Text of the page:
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How to create a text alternative for an audio file

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Audio files containing speech, such as podcasts, must have a text alternative, i.e. an alternative in text format for users who cannot listen to the file for one reason or another. When available online, a text alternative improves the retrievability of information in an audio file, as search engines can index speech content via the text alternative. For example, it is easier to reference podcasts if you provide text alternatives, as it is easier to reference a text alternative than an audio source. Also, it is easier to check source information from a text alternative than an audio file.

It is easier to create a text alternative if you first create a raw version of the text content using voice recognition. Word’s browser version in the MS Office 365 suite features a handy tool for this.

How to create and fix automatic text alternatives in Word’s browser version

  1. Open a new empty file in the MS Word browser version. (You can access it using your University of Oulu or Oamk account.)
  2. Select Transcribe (Litteroi) from the Home (Aloitus) ribbon.
    In the Dictate (Sanele) tool’s options, you can find the Transcribe (Litterointi) option.
  3. Set the language according to the language of the audio file and upload the audio file to Word in MP3 format, for example. Press the Upload Audio button to proceed to upload.
    Under Transcribe, you can upload an audio file in WAV, MP4, M4A or MP3 format. You can also record speech with the Start Recording button. The language selection can be found after the Upload Audio and Start Recording buttons. In the image, Finnish is set as the language.
  4. If your file is long, it may take several minutes to convert it to text. The program prompts you to leave the browser window open for that time.
    The following text is shown in the Transcribe view: "This may take a while. Leave this window open and check back in a bit."
  5. When the work is completed, you will see the finished text on the screen. Next, move them to your Word file. Press the Add to Document button and select the desired option. If there are multiple speakers, select the With Speakers option. (If timestamps are required for some compelling reason, you can select the With Speakers and Timestamps option. However, timestamps are typically not added, as they are often unnecessary information that impairs the experience of screen reader users.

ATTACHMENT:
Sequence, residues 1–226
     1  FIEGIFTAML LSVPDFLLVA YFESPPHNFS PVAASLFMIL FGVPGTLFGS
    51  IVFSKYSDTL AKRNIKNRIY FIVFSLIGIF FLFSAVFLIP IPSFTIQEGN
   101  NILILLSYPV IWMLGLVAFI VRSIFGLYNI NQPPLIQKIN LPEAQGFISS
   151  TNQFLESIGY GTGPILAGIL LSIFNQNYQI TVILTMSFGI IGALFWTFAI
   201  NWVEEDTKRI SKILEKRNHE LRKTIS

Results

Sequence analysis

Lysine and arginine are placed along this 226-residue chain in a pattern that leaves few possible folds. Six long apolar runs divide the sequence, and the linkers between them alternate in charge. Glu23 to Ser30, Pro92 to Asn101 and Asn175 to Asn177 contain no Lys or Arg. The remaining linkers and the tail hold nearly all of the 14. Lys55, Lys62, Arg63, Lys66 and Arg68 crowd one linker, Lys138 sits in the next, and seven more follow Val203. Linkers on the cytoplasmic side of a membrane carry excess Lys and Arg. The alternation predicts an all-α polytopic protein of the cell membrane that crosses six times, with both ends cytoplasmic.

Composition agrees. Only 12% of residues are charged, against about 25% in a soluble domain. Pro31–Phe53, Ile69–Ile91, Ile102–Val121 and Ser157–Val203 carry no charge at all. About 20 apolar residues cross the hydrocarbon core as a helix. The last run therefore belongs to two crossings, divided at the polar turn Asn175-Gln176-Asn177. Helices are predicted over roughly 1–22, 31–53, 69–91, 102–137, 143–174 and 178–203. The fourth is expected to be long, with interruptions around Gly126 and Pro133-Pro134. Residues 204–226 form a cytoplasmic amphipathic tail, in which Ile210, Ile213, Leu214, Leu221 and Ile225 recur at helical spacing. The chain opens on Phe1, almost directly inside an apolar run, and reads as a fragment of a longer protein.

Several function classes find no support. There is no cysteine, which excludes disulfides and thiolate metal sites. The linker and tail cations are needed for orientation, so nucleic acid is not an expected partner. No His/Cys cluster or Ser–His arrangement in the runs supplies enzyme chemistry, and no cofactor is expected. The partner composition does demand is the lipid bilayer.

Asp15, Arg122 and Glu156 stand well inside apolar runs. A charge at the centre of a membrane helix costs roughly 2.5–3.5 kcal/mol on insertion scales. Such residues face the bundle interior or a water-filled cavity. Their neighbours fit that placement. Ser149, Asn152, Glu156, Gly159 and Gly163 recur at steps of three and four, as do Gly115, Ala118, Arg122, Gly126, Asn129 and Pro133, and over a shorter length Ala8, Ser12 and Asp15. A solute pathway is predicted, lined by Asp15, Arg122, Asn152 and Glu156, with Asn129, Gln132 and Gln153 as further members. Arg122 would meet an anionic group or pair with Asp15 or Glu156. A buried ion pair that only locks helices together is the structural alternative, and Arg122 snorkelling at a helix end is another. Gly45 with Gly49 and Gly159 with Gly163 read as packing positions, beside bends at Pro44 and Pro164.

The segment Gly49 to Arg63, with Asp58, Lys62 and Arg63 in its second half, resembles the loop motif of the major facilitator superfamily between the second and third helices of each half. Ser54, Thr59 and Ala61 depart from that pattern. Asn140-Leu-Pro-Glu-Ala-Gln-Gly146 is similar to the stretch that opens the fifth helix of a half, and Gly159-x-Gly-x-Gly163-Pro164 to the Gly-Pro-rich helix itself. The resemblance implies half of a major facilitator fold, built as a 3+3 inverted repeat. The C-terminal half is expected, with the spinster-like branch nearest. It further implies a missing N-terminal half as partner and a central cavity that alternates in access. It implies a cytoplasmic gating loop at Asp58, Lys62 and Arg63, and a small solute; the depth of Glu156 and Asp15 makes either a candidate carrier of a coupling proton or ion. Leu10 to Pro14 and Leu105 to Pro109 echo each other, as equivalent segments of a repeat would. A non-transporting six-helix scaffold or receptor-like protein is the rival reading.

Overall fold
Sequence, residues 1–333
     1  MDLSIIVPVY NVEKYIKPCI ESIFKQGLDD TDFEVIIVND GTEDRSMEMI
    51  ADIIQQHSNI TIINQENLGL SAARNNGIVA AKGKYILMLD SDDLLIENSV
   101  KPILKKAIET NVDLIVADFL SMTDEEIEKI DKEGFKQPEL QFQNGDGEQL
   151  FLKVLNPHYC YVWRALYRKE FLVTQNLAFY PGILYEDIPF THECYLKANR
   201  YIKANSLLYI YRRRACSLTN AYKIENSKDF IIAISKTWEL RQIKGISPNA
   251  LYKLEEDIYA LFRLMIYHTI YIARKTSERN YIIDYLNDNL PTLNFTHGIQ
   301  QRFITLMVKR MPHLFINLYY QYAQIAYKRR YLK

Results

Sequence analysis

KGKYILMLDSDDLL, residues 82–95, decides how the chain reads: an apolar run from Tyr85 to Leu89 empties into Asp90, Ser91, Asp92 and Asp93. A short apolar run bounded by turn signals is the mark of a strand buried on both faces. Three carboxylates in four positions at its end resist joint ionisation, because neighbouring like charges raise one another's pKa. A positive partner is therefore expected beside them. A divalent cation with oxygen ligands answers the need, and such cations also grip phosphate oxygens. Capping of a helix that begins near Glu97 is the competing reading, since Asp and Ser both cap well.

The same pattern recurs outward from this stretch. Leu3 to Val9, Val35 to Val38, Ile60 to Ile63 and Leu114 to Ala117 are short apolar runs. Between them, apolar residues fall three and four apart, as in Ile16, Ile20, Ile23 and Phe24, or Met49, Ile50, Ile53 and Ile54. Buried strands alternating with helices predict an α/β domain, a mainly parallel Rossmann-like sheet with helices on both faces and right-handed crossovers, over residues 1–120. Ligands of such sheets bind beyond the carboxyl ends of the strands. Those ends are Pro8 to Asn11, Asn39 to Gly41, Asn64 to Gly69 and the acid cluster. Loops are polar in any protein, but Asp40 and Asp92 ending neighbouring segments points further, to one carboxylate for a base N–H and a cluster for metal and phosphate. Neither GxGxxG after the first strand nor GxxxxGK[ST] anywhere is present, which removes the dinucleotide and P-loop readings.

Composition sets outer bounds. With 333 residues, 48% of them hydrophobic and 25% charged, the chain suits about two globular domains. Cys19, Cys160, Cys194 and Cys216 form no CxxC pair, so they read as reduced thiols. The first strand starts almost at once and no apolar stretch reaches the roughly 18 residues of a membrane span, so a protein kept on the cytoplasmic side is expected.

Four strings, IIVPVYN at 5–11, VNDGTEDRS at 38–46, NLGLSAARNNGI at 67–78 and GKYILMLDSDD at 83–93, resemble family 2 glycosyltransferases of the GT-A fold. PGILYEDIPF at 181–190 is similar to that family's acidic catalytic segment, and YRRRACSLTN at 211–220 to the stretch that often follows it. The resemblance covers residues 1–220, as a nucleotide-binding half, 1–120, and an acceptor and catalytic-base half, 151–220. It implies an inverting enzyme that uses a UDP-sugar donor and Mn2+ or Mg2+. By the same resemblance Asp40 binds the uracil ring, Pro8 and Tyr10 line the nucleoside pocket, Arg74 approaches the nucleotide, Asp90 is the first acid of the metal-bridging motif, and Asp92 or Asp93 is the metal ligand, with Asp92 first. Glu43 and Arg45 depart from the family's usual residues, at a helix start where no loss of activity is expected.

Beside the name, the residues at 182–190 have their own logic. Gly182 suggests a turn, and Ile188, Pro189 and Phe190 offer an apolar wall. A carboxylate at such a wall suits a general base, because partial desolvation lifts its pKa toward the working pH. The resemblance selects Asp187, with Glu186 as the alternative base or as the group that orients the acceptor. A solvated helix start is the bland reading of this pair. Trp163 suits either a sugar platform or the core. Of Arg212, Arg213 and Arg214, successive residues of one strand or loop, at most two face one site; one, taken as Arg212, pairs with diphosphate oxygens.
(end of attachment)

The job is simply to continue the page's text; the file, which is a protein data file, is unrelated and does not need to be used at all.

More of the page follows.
The Add to Document button includes the following options: Just Text, With Speakers, With Timestamps and With Speakers and Timestamps.
  6. If there are multiple speakers, Word can distinguish between them fairly well. Speakers are named in the file as Speaker 1, Speaker 2, etc. You can replace these with the names of the speakers using the Replace (Korvaa) feature on the Home (Aloitus) ribbon.
    The Find (Haku) options include the Replace (Korvaa) feature.
  7. Replace the Transcript heading with the title of your audio file, and then change the names of the speakers. You can then merge the paragraphs by the same speaker together, i.e. delete the extra consecutive mentions: it is enough to mention the name of the speaker when the speaker changes.
    The Replace (Korvaa) option searches for the text to be replaced (‘Speaker 1’ in the example). In the same view, you can also see the name used to replace the text (‘Anna-Liisa’ in the example). The options are Replace (Korvaa) and Replace All (Korvaa kaikki).
  8. Finally, check the text using the proofreading tool and correct any errors.
    1. Automatic speech recognition is not perfect, and there are typically errors with compound words.
    2. Proper nouns will be in small print, so you need to fix them.
    3. Numbers may need to be rewritten.
    4. Abbreviations and foreign language terms often require correcting.
    5. Depending on the speaker, the speech may contain unnecessary fillers or awkward sentence structures: in the case of a standard text alternative to a podcast, these can and should be corrected to be clearer because the idea is to convey the main message unambiguously. (Verbatim transcription is mainly suitable for linguistic research data and the like.)
    6. If the audio file contains music or other sounds, you can include them in brackets in the section of the paragraph where they are audible. For example, if your podcast starts with a piece of music, you can indicate it as follows: (music).
  9. Once you have completed the text, you can publish the text alternative as a link in connection with your audio file. The best format to use is the web page: publish the text alternative online if possible. If this is not possible, an accessible file is another option. (However, note that a personal OneDrive is not a good place for long-term use, as the account and its file retention period depend on the validity of the user ID.)

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